Treatment-Resistant Bipolar Disorder: Page 2 of 3

Treatment-Resistant Bipolar Disorder: Page 2 of 3

Treatment-resistant bipolar depression

Fewer treatments have been shown to have efficacy in acute bipolar depression. Only 2 have been FDA-approved: quetiapine and a combination of olanzapine and fluoxetine. Other treatments that have been recommended include lithium and lamotrigine. If any of these standard treatments is partially effective, an increase in dose may be considered. Vagus nerve stimulation has also been shown to have efficacy.22

Regardless of the approach selected, bipolar depression should be treated until there are no residual symptoms, which are associated with recurrence.2 Evidence-based intensive psychotherapies may further enhance positive outcomes in acute and maintenance treatment of bipolar depression.23

Often, standard antidepressants are used for treatment-resistant bipolar depression, typically in combination with antimanic treatments. However, antidepressants (other than fluoxetine in combination with olanzapine) have not been shown to be efficacious in acute bipolar depression and may be associated with switching.24 In particular, antidepressants with norepinephrine activity including tricyclics and serotonin-norepinephrine reuptake inhibitors may have a greater risk of inducing switching than SSRIs.25

For patients who do not respond to standard treatment for acute bipolar depression, the clinician must be creative in finding a combination that can help. Lithium, lamotrigine, and quetiapine can be used in combination with one another; all are FDA-approved for maintenance treatment.

Given the relatively small number of evidence-based treatments available for acute bipolar depression, many clinicians have borrowed from the unipolar depression literature and have tried antidepressants, antidepressant-lithium combinations, antidepressant-anticonvulsant combinations, antidepressant–atypical antipsychotic combinations, hypermetabolic thyroid augmentation, and other approaches.

For treatment-resistant acute bipolar depression, the dopaminergic agonist pramipexole and the wakefulness-promoting agent modafinil have been shown to have efficacy greater than placebo as augmentation to standard treatments.4,26 Other pharmacotherapies have been studied in uncontrolled augmentation, including donepezil, bupropion, riluzole, gabapentin, levetiracetam, and aripiprazole. Two brain-stimulating therapies—magnetic seizure therapy and repetitive transcranial magnetic stimulation (TMS)—have been studied as well.27-29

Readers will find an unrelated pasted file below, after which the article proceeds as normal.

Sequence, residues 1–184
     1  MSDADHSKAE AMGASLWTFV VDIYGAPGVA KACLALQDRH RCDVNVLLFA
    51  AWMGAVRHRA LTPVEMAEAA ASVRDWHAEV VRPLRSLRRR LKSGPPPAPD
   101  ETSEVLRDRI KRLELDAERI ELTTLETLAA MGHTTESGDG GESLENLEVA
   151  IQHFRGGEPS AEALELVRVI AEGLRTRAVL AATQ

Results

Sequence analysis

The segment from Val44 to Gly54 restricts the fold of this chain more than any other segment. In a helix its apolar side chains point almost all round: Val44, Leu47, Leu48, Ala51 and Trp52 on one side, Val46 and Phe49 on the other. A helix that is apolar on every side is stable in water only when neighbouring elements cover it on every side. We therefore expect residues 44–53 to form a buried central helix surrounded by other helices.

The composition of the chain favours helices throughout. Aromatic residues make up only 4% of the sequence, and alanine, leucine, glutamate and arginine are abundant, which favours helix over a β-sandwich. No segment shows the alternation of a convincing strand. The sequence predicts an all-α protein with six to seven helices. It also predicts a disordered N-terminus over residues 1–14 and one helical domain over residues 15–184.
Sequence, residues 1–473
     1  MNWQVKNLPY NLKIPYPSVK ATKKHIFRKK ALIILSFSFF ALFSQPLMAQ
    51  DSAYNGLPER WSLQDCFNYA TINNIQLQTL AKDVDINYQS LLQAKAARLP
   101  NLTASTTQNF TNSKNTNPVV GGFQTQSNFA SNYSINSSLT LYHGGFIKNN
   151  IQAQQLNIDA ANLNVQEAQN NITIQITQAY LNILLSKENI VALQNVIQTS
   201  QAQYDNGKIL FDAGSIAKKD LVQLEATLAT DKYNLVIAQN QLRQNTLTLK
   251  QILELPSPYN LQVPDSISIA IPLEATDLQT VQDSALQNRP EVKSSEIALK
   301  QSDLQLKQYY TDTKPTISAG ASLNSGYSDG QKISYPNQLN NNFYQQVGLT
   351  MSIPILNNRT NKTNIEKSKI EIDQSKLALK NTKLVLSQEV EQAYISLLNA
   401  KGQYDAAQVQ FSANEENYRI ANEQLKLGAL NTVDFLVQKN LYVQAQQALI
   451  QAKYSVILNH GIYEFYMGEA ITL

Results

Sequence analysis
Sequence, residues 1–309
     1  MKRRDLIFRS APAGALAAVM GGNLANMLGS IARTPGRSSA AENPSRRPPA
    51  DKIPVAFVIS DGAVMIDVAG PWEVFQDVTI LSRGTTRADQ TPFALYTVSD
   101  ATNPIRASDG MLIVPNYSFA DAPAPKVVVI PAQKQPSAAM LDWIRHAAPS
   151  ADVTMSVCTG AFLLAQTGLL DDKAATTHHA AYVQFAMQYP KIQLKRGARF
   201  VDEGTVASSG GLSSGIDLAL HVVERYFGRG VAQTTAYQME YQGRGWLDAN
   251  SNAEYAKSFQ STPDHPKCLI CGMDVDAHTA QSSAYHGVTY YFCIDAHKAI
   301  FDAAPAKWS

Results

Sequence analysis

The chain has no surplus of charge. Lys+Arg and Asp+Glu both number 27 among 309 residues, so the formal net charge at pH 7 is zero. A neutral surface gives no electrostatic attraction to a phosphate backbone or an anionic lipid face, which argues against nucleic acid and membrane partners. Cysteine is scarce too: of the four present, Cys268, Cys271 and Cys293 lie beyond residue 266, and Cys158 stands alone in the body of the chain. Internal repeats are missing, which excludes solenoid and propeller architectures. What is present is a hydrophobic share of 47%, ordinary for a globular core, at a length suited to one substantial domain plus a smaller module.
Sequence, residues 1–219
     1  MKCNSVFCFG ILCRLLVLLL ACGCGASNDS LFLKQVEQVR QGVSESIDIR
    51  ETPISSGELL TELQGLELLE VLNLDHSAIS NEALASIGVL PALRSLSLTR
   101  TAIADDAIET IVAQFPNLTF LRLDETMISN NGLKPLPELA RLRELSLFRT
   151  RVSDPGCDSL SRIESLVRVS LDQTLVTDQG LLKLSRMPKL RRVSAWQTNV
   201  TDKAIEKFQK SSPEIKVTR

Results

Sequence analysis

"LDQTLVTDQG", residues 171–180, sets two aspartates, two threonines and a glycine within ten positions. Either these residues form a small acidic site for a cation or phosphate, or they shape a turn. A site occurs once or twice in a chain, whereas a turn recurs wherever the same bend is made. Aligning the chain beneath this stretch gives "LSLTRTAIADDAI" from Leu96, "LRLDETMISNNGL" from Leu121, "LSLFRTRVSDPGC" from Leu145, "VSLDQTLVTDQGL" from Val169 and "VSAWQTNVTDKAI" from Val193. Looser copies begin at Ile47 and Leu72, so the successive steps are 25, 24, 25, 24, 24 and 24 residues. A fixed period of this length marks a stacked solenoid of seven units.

Treatment-resistant bipolar maintenance

The most common approach to maintenance is to simply continue the treatments that were used to manage the acute episode. Once the patient is stabilized, the focus is on maximizing effectiveness and minimizing adverse effects. This is an ideal opportunity to simplify complex treatment regimens. Medications should always be combined with intensive long-term psychotherapies such as cognitive-behavioral therapy, interpersonal social rhythm therapy, and family-focused therapy, which clearly enhance maintenance outcomes for bipolar depression.23

Maintenance treatment should be conceptualized in terms of desired direction of efficacy, and treatments selected based on anticipated direction of relapse. This should include consideration of both number and duration of previous episodes, in particular, the most recent episode. Some treatments do not have equal directional maintenance effectiveness. For example, lithium is more effective as prophylaxis against mania, while lamotrigine is more effective as prophylaxis against depression. Lithium is the only treatment for bipolar disorder shown to possibly have antisuicidal effects.30

Many patients require a combination of treatments with complementary directional effectiveness. Others may need more than 1 medication for unidirectional effectiveness. Perhaps even more commonly, patients are cycling in both manic and despressive directions despite 1 or more standard treatments. There is some evidence that combination treatment may be effective in patients who failed monotherapy on each separate component of the combination.31

Use of antidepressants is generally not recommended in bipolar maintenance because of concerns about switching, although early discontinuation of antidepressants in responsive bipolar depressed patients has also been associated with depression relapse. It may be even more important to reduce other comorbidities such as substance dependence during maintenance treatment.32-34


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